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With steady Iranian nuclearization correctly at the forefront of world public attention, no country has more to fear than the State of Israel. Less than half the size of Lake Michigan, Israel fully understands that the Iranian president’s incessant bluster about wiping the Jewish State “off the map” is far more than mere posturing. It is, rather, an unambiguous declaration of criminal intent to commit genocide.

Genocide is a codified crime under international law. To survive into the future, Israel’s leaders and allies now recognize that Iran’s explicitly exterminatory intent is being augmented by a developing capacity. Left to his own devices, free of any preemptive interference with the Islamic Republic’s planned atomic arsenal of bombs and missiles (an interference that would certainly be a proper expression of “anticipatory self defense”), Iran’s president might not be deterred by any threats of Israeli and/or American retaliation. This possible failure of nuclear deterrence could be the result of a presumed lack of threat credibility or even of a willful Iranian indifference to existential harms. Iran, after all, could conceivably become the individual suicide bomber in macrocosm, a nuclear-armed state willing to die as a collective martyr. To be sure, such a prospect is not very likely, but – at the same time – it is by no means unimaginable.


How should Israel respond to such a dire set of circumstances? One important part of the answer has to do with core questions of Tel Aviv’s targeting doctrine. More precisely, Israel’s security from future Iranian mass-destruction attacks will depend considerably upon the Defense Ministry’s determined targets and on the precise extent to which these targets have been openly identified. Contrary to conventional wisdom, it is not enough that Israel simply have “The Bomb.” Instead, the adequacy of Israel’s nuclear deterrence and preemption policies will inevitably depend largely upon the presumed destructiveness of these nuclear weapons, and on where exactly, these weapons are authoritatively thought to be directed.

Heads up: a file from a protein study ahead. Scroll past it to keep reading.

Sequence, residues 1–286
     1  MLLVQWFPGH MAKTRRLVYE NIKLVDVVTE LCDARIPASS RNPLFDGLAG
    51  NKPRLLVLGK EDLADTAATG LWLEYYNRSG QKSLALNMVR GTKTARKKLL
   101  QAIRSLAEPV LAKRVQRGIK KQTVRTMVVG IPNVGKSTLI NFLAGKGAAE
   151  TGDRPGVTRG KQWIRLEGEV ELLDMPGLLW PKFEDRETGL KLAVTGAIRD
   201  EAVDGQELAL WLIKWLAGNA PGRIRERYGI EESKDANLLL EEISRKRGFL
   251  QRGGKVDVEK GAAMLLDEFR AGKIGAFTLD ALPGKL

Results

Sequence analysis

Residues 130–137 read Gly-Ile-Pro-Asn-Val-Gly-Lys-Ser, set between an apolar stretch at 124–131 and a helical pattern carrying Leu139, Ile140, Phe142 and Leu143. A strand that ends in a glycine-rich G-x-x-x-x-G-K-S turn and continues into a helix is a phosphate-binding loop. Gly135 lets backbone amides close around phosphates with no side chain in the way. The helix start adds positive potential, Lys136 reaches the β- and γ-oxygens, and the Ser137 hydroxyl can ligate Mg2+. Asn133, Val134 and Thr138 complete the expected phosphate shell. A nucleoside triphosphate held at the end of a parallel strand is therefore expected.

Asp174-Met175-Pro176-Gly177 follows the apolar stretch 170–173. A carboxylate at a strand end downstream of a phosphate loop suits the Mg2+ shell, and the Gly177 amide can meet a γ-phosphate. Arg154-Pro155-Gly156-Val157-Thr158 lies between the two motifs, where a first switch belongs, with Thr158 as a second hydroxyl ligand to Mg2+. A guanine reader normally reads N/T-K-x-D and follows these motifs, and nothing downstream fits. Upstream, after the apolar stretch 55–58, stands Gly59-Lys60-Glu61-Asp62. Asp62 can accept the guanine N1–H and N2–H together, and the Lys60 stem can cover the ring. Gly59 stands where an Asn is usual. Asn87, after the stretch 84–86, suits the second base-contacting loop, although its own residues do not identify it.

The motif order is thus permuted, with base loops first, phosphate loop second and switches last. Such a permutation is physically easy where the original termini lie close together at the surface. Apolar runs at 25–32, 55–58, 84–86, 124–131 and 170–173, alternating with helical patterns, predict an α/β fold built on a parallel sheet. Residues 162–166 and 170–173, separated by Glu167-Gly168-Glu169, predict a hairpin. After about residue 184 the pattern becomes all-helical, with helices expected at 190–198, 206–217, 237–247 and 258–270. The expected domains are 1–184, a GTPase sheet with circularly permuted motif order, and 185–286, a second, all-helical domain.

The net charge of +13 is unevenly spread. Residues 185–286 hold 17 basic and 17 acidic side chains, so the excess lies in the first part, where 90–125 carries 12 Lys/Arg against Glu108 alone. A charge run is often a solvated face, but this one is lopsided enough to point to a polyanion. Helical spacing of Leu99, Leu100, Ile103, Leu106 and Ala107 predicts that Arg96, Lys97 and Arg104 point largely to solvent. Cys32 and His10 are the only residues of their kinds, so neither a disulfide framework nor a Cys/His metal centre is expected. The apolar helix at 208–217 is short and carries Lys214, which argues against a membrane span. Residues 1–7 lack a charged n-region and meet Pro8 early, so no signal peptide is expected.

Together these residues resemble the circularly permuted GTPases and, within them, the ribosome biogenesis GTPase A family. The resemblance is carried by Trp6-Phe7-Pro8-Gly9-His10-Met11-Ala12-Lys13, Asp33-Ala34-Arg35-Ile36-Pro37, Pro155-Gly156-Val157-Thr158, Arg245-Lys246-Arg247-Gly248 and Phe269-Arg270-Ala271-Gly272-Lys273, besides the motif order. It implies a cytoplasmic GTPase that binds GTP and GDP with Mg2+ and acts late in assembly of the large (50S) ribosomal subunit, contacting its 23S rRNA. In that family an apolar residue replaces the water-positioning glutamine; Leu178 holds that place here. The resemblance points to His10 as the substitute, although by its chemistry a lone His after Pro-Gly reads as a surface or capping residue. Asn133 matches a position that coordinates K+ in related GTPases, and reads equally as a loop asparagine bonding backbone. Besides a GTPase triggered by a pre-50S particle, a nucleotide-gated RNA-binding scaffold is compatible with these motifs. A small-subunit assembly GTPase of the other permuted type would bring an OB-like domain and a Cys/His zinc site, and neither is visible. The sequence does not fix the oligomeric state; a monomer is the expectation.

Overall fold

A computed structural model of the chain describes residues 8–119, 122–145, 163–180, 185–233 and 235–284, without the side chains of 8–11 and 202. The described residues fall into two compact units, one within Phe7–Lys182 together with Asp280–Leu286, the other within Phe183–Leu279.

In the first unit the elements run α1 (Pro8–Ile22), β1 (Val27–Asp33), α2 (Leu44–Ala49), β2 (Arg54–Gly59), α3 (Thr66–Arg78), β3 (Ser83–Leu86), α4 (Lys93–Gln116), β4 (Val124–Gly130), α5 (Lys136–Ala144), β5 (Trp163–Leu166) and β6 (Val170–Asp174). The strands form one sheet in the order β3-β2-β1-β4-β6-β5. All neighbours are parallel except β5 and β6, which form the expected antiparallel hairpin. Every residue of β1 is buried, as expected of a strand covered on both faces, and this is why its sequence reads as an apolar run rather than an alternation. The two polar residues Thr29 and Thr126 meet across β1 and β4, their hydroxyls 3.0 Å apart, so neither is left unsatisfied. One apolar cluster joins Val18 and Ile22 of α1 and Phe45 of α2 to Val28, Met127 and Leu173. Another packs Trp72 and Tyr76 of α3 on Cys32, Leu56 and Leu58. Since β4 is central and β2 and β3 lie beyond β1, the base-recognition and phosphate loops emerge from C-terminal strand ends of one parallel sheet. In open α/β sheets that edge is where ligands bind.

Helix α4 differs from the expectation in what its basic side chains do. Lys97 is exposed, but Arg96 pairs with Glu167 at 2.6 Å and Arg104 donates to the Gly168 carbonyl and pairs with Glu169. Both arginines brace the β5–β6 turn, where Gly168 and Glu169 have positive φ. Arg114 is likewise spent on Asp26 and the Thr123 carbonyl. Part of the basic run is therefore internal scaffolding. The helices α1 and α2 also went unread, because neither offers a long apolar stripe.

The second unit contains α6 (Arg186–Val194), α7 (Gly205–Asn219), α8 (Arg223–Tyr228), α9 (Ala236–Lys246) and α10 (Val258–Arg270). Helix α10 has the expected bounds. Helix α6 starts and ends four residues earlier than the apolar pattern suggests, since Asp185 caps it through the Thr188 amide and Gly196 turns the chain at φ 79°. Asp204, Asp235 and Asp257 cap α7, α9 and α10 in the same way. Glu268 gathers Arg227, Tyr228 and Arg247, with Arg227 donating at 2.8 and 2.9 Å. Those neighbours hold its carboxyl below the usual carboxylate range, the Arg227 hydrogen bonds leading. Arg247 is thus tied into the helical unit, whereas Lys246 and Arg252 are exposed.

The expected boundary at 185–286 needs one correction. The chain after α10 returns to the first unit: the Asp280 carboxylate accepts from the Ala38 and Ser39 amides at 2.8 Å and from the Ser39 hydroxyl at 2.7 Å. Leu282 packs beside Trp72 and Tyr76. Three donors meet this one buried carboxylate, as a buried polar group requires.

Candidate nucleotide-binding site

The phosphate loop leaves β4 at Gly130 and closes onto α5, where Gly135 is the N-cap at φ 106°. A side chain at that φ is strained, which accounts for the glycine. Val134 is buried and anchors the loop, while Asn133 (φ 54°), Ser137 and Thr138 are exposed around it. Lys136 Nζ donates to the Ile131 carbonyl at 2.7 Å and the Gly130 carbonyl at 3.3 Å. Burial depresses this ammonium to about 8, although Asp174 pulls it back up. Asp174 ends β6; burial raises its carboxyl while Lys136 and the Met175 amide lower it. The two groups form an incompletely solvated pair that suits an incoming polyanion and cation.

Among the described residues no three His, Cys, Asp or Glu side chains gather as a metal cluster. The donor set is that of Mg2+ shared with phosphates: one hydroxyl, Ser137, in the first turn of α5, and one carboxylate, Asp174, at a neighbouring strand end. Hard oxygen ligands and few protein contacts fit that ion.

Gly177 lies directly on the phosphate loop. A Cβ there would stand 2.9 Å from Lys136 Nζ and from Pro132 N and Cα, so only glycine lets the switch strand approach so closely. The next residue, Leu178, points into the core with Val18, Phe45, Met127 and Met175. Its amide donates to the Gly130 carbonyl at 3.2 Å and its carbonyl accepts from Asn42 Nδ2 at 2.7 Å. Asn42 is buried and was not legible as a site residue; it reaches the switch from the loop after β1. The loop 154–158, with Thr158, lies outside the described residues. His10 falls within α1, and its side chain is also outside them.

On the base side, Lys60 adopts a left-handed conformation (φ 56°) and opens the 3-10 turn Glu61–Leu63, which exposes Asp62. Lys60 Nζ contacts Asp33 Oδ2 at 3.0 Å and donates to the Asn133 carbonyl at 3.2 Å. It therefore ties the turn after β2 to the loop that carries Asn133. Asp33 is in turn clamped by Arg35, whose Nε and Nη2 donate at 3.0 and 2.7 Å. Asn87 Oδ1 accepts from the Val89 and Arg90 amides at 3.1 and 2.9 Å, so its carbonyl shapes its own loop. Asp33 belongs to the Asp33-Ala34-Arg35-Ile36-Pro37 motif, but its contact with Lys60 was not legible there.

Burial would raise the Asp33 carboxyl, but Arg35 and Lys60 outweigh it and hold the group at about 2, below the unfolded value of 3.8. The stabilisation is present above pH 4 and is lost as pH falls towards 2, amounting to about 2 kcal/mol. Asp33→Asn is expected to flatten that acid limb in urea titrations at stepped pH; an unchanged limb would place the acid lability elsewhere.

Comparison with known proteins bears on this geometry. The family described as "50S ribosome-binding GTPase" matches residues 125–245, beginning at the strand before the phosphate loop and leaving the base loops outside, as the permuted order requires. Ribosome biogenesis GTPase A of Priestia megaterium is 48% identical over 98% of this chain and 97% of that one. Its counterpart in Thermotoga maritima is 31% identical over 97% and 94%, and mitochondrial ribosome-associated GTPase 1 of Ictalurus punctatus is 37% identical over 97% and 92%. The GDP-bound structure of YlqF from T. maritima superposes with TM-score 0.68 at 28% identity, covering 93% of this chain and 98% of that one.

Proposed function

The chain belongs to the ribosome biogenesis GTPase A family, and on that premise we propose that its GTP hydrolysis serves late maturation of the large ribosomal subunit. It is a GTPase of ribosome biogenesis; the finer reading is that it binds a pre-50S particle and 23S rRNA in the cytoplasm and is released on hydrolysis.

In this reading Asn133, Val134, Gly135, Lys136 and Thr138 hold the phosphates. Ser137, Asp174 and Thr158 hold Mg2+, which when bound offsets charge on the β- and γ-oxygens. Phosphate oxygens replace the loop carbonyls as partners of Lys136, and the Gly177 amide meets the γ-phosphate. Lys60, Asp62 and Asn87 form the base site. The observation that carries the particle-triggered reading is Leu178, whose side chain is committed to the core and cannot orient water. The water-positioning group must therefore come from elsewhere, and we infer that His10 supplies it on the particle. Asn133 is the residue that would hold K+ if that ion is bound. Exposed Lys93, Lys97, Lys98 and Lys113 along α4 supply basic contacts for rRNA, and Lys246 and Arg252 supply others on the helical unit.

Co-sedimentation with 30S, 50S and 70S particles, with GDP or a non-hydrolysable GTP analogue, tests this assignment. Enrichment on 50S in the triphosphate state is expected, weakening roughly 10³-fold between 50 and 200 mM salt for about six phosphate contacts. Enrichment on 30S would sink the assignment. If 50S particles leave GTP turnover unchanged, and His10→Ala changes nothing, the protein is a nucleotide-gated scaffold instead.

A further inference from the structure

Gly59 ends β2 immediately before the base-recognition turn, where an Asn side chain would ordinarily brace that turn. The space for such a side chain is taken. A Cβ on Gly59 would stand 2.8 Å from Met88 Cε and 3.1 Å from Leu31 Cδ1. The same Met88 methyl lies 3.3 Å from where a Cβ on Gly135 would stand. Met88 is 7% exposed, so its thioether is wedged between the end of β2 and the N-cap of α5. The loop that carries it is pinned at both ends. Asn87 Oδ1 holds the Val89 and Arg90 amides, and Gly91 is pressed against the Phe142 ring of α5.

A nuclear war in the Middle East is not out of the question. Indeed, there are a number of different scenarios that could result in an Israeli use of nuclear weapons. Israel will need to choose prudently between what are called “assured destruction” strategies and “nuclear war-fighting” strategies. Assured destruction strategies are also sometimes termed “counter-value” strategies or “mutual assured destruction” (MAD). These are strategies of deterrence/preemption in which a country primarily targets its strategic weapons on the other side’s civilian populations and/or on its supporting civilian infrastructures. Nuclear war-fighting strategies, on the other hand, are called “counterforce” strategies. These are systems of deterrence/preemption wherein a country primarily targets its strategic nuclear weapons on the other side’s major weapon systems and on its supporting military infrastructures.